• Rigalt i Granell Archive. The Archive is made up of documents collected from the stained-glass workshop Rigalt, Granell & Cia and is a testimony to the work of this centenarian workshop that was in operation from 1890 until 1984. Until now, the documentation from the stained-glass workshop Rigalt, Granell & Cia. was being preserved by the Granell family. The archive consists of diverse information about the artistic and technical aspects of the workshop whose work was central to the modernist period. Their work can be found at the Palau de la Música Catalana, the Hospital de la Santa Creu i Sant Pau and the Casa Lleó Morera, among others. The company worked with architects including Lluís Domènech i Montaner, Lluís Moncunill, Josep Puig i Cadafalch and Geroni Granell. The documentation is a testimony to the work of this centenarian workshop that was in operation from 1890 until 1984. Rigalt, Granell & Cia. faced many challenges throughout this period, which, while it always remained in the hands of the Granell family, included changes to its founding members. In this archive you can find accounting documents, drawings, sketches, inventories, publicity catalogues and photos from the stained-glass workshop. The largest number of documents that have been preserved are 500 sketches that include drawings of stained-glass and acid-etched glass. Thanks to these drawings, we can follow the artistic trends in stained-glass over the last 100 years. Included are drawings from the pre-modernist, modernist, noucentista, art deco, and works that reflect the abstract tendencies of the 80's. The donation comprises a total of 3,000 pieces, including prints (from different countries), diverse themed plates, brochures, business directories (among which include Les Vitraux de Paris (c.1900), Aus der Deutschen Glasmalerei de Berlin (1901) and Religiöse Malerein für Kirchedekoration de Viena (1907), company photographs and folders with original drawings and sketches.[22]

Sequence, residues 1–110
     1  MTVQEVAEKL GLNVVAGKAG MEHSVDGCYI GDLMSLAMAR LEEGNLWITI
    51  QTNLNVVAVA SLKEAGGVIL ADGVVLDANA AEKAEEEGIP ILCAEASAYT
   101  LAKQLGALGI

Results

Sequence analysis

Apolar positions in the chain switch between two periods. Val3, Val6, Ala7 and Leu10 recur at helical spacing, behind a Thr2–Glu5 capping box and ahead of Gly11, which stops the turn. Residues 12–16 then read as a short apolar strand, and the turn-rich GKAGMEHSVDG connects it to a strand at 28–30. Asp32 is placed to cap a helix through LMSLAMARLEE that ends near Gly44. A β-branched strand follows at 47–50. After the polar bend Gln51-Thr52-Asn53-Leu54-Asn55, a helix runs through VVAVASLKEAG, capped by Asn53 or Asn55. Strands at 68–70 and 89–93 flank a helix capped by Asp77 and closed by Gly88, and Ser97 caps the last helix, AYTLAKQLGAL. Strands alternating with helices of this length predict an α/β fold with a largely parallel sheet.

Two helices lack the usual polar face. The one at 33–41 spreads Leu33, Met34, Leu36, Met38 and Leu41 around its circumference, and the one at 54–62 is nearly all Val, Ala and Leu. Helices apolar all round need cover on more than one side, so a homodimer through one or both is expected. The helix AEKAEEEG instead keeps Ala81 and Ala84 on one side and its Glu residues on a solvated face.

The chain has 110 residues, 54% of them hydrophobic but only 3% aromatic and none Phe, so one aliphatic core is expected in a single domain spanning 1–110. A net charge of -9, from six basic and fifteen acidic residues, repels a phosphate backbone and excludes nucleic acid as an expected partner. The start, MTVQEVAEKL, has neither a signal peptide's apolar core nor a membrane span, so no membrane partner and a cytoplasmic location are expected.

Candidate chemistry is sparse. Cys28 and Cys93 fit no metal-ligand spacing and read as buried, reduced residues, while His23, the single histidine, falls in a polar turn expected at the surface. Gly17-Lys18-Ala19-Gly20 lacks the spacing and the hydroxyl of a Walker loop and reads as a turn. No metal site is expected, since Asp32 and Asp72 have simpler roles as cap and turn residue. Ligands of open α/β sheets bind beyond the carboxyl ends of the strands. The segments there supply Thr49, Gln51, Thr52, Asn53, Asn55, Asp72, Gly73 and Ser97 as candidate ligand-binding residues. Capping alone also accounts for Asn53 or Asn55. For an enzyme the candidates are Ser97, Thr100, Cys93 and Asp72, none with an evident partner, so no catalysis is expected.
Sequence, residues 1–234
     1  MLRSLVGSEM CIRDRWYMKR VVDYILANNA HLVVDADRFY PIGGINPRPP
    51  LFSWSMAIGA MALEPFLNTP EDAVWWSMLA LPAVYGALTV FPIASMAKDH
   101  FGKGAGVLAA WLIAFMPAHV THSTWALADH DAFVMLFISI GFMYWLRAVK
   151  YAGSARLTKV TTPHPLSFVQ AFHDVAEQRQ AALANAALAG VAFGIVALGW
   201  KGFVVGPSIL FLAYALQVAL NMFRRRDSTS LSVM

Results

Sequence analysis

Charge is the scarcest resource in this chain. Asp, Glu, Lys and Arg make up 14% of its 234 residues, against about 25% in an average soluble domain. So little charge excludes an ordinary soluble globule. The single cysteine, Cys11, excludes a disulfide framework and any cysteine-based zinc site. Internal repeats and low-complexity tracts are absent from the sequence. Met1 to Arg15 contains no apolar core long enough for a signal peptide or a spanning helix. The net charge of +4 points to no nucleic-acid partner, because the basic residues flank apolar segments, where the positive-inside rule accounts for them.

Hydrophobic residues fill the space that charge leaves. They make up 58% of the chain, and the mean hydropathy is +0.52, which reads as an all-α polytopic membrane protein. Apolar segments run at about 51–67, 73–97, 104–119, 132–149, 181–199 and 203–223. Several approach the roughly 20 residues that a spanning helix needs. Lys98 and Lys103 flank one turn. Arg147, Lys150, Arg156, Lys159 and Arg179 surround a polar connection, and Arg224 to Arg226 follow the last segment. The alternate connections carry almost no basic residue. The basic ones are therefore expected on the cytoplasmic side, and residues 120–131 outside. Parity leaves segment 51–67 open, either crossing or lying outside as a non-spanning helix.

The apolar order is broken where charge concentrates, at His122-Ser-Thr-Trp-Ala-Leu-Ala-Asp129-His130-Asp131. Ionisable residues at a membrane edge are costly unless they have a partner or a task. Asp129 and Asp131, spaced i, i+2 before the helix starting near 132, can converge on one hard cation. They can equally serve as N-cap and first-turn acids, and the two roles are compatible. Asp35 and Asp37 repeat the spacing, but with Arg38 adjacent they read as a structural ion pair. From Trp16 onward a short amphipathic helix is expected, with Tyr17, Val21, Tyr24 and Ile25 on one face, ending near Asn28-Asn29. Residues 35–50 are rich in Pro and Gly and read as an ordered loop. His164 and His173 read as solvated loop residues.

• Montaner y Simón editors collection.[23]

Databases[edit]

The DHUBdoc offers its users some of the best specialized databases available. Requests and consultations should be carried out at the centre's facilities.

  • Design and Applied Arts Index (DAAI) allows for the consultation of summaries of published articles from design publications [24] dating back to 1973. It covers a wide variety of disciplines: Ceramics, glass, furniture, jewelry, graphic design, fashion design, textile design, interior design, architecture, web design, etc. It includes approximately 1200 new records every month.
  • Berg Fashion Library is an online resource that provides integrated access to visual and textual content on clothing and fashion throughout history. It includes the Berg Encyclopedia of World Dress and Fashion, a collection of electronic books, dictionaries and other reference resources, as well as, an extensive image bank.
  • First VIEW is an extensive archive of fashion photography that allows access to more than 3 million runway images of designers from around the world. DHUBdoc members can access this database from the centre's facilities.[25]

References[edit]

  1. ^ El nou Museu del Disseny obrirà al maig del 2014
  2. ^ Arias, Beatriz. «Un espai per conèixer el disseny». Diari Ara (23/03/2011)(in Catalan)
  3. ^ They were the winners of a contest organized by the City of Barcelona in 2001.
  4. ^ «Disseny Hub Barcelona». Bonart [Girona], núm. 118 (agost 2009), p. 28. ISSN 1885-4389.In Catalan
  5. ^ MBM Architects. Specification of the project 2001
  6. ^ Barcelona (Spain). Ayuntamiento (1 January 2009). Anuari estadístic de la ciutat de Barcelona. Ajuntament de Barcelona. Retrieved 9 April 2012. 
  7. ^ Jardins del Palau de Pedralbes
  8. ^ Font Hércules by Gaudí
  9. ^ DHUB MUSEUMS
  10. ^ Michelin / MFPM (1 January 2011). Mini Guía Barcelona. MICHELIN. pp. 108–. ISBN 978-2-06-714985-4. Retrieved 9 April 2012. 
  11. ^ Museu de les Arts Decoratives
  12. ^ [1]
  13. ^ Jewlry collection
  14. ^ Study galleries
  15. ^ Wallpaper exhibit
  16. ^ Disseny Hub Barcelona: inauguració de pis-museu a la Casa Bloc, In Catalan
  17. ^ From the One-off Object to Product Design
  18. ^ Dressing the body
  19. ^ Explore 116 Touristic icons from Catalunya (The Dressed Body, number 86, page 352)
  20. ^ The Royal Chambers
  21. ^ ADI FAD Archive
  22. ^ Rigalt i Granell Archive
  23. ^ Archives
  24. ^ List of publications
  25. ^ DHUBdoc Databases

External links[edit]

Coordinates: 41°24′08″N 2°11′15″E / 41.40222°N 2.18750°E / 41.40222; 2.18750